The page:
Bank of expertise

3rd November 1995 at 00:00
Reva Klein visits a school where a business partnership could turn around its fortunes

It helps to be a well-connected school these days. On the face of it, Morpeth secondary in east London is not. Set amid the drab tower blocks of Bethnal Green, its Sixties concrete and glass makes it appear every inch the archetypal inner-city school.

Last year, it shared the distinction of being equal bottom of the Tower Hamlets GCSE league table. But this year, headteacher Alisdair Macdonald predicts that the school will jump to fifth place.

Clearly, something is happening to Morpeth. And this is where being well- connected comes in. Because, although no one is attributing Morpeth's turn- around to it, an innovative partnership between the school and the American merchant bank, Bankers Trust, has helped not only to bring money into the school but to inject aspirational energy.

This is not your usual education business partnership scheme where a company gives money, has a photograph taken of the managing director presenting the headteacher with a cheque and then heads back to the office. This partnership is different. Bankers Trust has made a Pounds 45,000 three-year rolling commitment to the school. The arrangement is flexible, meaning that the money will increase or indeed carry on for longer if the company considers it useful and appropriate in its annual reviews. In addition, staff are involved in a "Give as you earn" scheme, in which Bankers Trust matches each pound donated by staff. Just as embedded as the money in this scheme is the commitment of Bankers Trust staff to give a bit of themselves, personal finances and soul, to the school.

The Pounds 45,000 is being ploughed into a new study centre, a synthesis of homework club and resource centre. Opened last July, the centre has already been given three computers, with another ten to come.

The hardware is relatively new cast-offs from Bankers Trust. The choice of software is a collaboration between the Trust's technical department and the school. There are also dictionaries, textbooks and other resources. Children can even work on their music coursework, using keyboards or cassette players with earphones, so as not to disturb anyone else.

The concept of the study centre came from the school's senior management, building on its already existing homework club. Deputy head Jo Dibb says: "To raise levels of achievement, we had to change the culture and the ethos of the school. People coming in from outside open possibilities of change. By giving us support for learning, they are helping to create aspirations for our pupils."

Support is certainly what these children need. Half of the families are unemployed; 70 per cent of children receive free school meals. But unusually for a school in the borough, Morpeth has an intake closely matching the ethnic mix of Tower Hamlets, with 50 per cent of pupils Bangladeshi, 35 per cent white and 10 per cent "other," mainly Turkish. (The usual pattern is for schools to be predominantly white or black.)

Aspirations in the area are low. But they are changing, according to Mr Macdonald. "Ten years ago girls would say they wanted to go into jobs at Barclays Bank when they left school. Even five years ago, only 30 per cent were going into further education. Now, it's 80 per cent. They're talking about going to university."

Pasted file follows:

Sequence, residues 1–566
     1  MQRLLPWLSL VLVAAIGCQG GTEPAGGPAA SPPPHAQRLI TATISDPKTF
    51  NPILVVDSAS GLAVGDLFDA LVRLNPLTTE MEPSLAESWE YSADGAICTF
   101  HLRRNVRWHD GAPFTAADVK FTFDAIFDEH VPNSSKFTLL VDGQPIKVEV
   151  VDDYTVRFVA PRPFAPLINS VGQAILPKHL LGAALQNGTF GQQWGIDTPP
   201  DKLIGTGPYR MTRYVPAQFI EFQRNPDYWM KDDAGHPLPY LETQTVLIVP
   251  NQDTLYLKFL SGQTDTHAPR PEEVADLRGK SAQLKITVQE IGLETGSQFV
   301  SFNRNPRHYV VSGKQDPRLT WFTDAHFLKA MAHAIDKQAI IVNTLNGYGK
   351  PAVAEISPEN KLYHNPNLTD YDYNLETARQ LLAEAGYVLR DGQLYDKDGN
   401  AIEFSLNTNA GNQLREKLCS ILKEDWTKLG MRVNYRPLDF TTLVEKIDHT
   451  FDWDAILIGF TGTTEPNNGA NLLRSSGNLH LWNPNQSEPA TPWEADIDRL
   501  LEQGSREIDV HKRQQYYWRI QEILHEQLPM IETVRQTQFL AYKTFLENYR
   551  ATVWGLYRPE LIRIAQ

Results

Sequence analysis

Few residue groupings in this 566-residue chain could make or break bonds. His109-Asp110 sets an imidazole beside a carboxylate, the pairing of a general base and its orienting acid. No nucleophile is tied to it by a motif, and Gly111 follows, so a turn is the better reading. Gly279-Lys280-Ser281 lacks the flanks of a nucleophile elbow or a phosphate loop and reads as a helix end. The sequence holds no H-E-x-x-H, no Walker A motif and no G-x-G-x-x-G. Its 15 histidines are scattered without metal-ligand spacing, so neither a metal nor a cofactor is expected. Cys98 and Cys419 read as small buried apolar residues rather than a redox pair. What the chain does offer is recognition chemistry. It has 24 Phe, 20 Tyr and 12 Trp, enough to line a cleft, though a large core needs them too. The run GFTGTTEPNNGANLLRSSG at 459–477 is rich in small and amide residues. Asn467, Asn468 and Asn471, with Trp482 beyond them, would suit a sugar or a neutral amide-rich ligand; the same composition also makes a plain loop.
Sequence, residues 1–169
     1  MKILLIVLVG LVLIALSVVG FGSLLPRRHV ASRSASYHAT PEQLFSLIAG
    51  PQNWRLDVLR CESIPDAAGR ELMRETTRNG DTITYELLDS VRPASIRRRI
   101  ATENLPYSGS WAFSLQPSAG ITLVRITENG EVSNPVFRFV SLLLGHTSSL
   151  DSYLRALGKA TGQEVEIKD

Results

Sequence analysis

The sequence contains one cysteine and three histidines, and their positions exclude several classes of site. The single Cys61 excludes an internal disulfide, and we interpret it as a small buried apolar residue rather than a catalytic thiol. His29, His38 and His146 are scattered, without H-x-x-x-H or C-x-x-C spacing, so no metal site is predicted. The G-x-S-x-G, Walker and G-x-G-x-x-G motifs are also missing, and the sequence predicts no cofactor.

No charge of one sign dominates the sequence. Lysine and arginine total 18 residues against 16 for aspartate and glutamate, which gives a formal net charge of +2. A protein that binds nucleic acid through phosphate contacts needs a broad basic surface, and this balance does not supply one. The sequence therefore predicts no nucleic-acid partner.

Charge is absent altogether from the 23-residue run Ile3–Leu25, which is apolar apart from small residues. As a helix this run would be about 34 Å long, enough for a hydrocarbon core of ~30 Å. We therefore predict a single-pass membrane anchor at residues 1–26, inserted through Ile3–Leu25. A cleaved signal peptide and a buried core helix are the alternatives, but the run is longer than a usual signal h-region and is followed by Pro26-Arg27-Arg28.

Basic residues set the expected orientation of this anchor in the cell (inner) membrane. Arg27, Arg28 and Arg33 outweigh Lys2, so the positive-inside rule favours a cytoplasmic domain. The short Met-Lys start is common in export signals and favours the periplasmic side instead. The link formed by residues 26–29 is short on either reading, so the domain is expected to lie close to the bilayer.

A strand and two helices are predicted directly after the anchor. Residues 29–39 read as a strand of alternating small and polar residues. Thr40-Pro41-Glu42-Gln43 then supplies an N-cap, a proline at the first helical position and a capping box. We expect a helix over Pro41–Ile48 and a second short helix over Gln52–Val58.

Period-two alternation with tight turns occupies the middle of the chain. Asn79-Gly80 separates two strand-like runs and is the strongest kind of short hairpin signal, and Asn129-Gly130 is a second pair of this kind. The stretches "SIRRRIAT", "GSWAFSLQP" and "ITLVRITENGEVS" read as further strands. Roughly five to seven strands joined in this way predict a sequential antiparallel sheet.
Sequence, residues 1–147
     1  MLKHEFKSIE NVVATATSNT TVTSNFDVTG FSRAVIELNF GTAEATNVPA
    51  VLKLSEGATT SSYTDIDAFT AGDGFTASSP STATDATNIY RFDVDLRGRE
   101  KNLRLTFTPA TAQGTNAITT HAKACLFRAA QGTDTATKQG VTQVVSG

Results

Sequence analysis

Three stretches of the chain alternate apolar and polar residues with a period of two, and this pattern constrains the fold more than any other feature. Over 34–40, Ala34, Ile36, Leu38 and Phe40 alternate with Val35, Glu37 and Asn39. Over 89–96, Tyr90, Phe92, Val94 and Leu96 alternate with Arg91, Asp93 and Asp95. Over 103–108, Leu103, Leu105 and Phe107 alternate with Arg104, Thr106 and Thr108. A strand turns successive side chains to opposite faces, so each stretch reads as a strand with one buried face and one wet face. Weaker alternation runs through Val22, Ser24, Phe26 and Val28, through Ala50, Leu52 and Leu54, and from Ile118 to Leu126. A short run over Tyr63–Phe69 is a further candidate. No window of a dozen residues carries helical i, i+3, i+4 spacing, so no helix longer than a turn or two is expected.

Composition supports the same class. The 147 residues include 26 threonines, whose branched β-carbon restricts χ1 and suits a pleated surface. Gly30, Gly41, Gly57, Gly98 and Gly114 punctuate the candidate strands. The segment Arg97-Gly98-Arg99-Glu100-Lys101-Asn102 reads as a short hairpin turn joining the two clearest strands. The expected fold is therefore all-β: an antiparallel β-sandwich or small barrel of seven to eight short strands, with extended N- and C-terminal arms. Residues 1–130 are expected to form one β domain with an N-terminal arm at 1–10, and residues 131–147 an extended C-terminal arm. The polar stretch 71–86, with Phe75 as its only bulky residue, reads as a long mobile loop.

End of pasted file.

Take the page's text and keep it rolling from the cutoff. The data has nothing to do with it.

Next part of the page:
The ideology driving Bankers Trust is an object lesson for corporate sponsorship. Lucy Rinaldi, chair of the bank's community affairs committee, had the idea of partnering a school after going on one of the Prince of Wales' Seeing is Believing visits as part of his Business in the Community programme. Tower Hamlets put her in touch with their Education Business Partnership, through which she found Morpeth. "We're one and a half miles from the school but we knew nothing about them and they knew nothing about us," she says.

American businesses have a long established tradition of sponsoring schools that involves the whole staff. Rinaldi says: "We decided that we had lots of busy executives all keen and interested to put something back into the community we work in."

These are a series of residential study breaks which Bankers Trust is funding. A group of 30 pupils from a particular year spend 48 hours focusing on a specific subject (during the October half-term a Year 11 group was working on maths), being tutored by their own teachers as well as degree level specialists from among Bankers Trust staff. The venue is King Edward School in Witley, Surrey, a private school that happens to have among its alumni one Lucy Rinaldi. There go those connections again.

They don't end there, either. The bank has put together a list of staff and spouses in different jobs (from secretaries to travel agents to lawyers) who are willing to go to Morpeth to give talks to pupils about what they do, what qualifications are necessary and how to put together a curriculum vitae. Launching this end of the project was a photographer that Bankers Trust uses. After giving his talk he was so enthused by pupils' responses that he volunteered to help the school's photography club. There is also a work experience programme for six children at a time being organised.

If the enthusiasm for the study centre is anything to go by, this partnership is a winner. Demand is so great that the school library is having to be used for the overspill. Staffed by three teachers and open before and after school, the place is chock-a-block with kids getting down to business.

Shahina, 16, speaks for many of her friends when she says "We do a lot of work here. Sometimes it's hard to work in class and at home it can be overcrowded. " For 14-year-old Gulcin, the study centre is a sanctuary, "If we were at home, we would watch telly instead. We don't have distractions here and we don't have anyone moaning at us."

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